This How-To project describes how to build a router that runs a dynamic routing protocol. I chose OSPF for this project, however other interior gateway protocols are becoming more popular, such as ISIS. To make this project go quicker, I used a previous Pi SD card build that already had support for a Wireless Access Point to make it easier to manage the Pi remotely. In that build we had installed the apache2 server, hostapd for Wi-Fi AP support, tftpd-hpa for tftp server, and the isc-dhcp-server to support the AP functions.
Lets get started.
This router implementation was crafted to support a testbed where a router is needed to handle packet forwarding between multiple subnets on multiple network interfaces, and share routes with other routers that may be in the test bed. The Pi router terminates subnets on a Layer-2 switches and provides the packet forwarding between those networks and the Internet.
The production network requires multiple IP subnets – a management subnet, and three departmental subnets. The networks being used are as follows:
Directly Connected Networks
192.168.1.0 – The LAN side of the Firewall to the Internet
192.168.20.0/24 – The management network
10.1.3.0/24 – Sales Department
10.1.4.0/24 – Support Department
10.1.5.0/24 – The IT network
Pi Router eth0
192.168.1.x/24 – address assigned by DHCP from the ISP Router
Pi Router eth1
192.168.20.1/24 – Next hop for the management network
10.1.3.1/24 – Next hop for Sales network
10.1.4.1/24 – Next hop for Support network
Pi Router eth2
10.1.5.1/24 – Next hop for the IT network
Pi Router wlan0
192.168.10.1 – used as an AP for WiFi clients
Building the Router
First we need to edit the /etc/network/interfaces configuration file to include this information.
auto lo iface lo inet loopback # ISP Connection auto eth0 iface eth0 inet dhcp # Termination of the Layer-2 sales and support networks auto eth1 eth1:0 eth1:1 iface eth1 inet static address 192.168.20.1 netmask 255.255.255.0 iface eth1:0 inet static address 10.1.3.1 netmask 255.255.255.0 iface eth1:1 inet static address 10.1.4.1 netmask 255.255.255.0 # IT network auto eth2 iface eth2 inet static address 10.1.1.1 netmask 255.255.255.0
Next we need to install the OSPF router application
sudo apt−get install quagga
Next we to enable the specific Quagga daemons we need by editing the daemons file.
sudo nano /etc/quagga/daemons
We want this file to have the following configuration lines set to “yes”.
Next we need to configure Zebra, the routing package that Quagga is based on.
sudo nano /etc/quagga/zebra.conf
We need to modify this file to reflect the interfaces that routing will be used on. The IP addresses of those interfaces could be placed here in lieu of defining them in the /etc/network/interfaces file. The localhost interface (lo) has an IP address to be used as the router ID, which is used to facilitate the election process in a number of routing sub-functions.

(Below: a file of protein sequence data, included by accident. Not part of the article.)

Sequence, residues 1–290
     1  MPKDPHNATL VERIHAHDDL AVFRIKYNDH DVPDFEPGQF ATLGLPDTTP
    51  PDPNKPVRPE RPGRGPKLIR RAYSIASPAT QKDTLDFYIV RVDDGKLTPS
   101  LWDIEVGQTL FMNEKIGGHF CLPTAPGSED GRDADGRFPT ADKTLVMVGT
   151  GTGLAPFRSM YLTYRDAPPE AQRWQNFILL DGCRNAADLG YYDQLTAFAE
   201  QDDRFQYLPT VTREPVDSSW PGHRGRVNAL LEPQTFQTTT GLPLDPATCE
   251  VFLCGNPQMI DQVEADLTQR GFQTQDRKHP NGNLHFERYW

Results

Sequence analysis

! password zebra enable password password ! interface eth0 link-detect ! interface eth1 link-detect ! interface eth2 link-detect ! interface lo link-detect ip address 10.10.10.5/32 ! no log trap log stdout ! line vty no login ! no exec-timeout
Now we are ready to configure OSPFv2 routing. We do this by editing the /etc/quagga/ospfd.conf file. Make the contents of the file look like the following.hostname ospfd
hostname ospfd ! password zebra enable password password ! interface eth0 ! interface eth1 ! interface eth2 ! interface lo ! router ospf network 192.168.1.0/24 area 0.0.0.0 network 10.1.1.0/24 area 0.0.0.0 network 10.1.3.0/24 area 0.0.0.0 network 10.1.4.0/24 area 0.0.0.0 network 10.10.10.5/32 area 0.0.0.0 network 192.168.10.0/24 area 0.0.0.0 network 192.168.20.0/24 area 0.0.0.0 ! line vty no login ! no exec-timeout
The last part of configuration is checking that we have IP forwarding turned on. This should be the case as we did that in the WAP setup. Edit the following file:
sudo nano /etc/sysctl.conf
Find this line and remove the # character.
# Uncomment the next line to enable packet forwarding for IPv4 #net.ipv4.ip_forward=1
Save the file and then start the Quagga routing processes with the following command.
sudo /etc/init.d/quagga start
Verify the configuration
The zebra and ospf routing processes can be managed with a Cisco-like command line interface. Use telnet to connect to the console port of the specific routing process. Telnet is not part of the basic Raspbian build so you must install it.
sudo apt-get install telnet
The various Quagga routing processes use different TCP port numbers.
- zebra – 2601
- ripd – 2602
- ripng – 2603
- ospfd – 2604
- bgpd – 2605
- ospf6d – 2606
The follow is a quick capture of a session started to connect to the OSPF daemon.
telnet localhost 2604 Trying ::1... Trying 127.0.0.1... Connected to localhost. Escape character is '^]'. Hello, this is Quagga (version 0.99.21). Copyright 1996-2005 Kunihiro Ishiguro, et al. ospfd>
There are many commands available in each routing daemon that allow you to configure the process. After saving the configuration, the results are stored in the relative configuration file under /etc/quagga/
show ip ospf neighbor show ip ospf route show ip ospf interface show ip ospf database show ip ospf border-routers
The Zebra process will automatically start upon reboot. If you want OSPF to start at boot, update the boot time scripts:
sudo update-rc.d quagga enable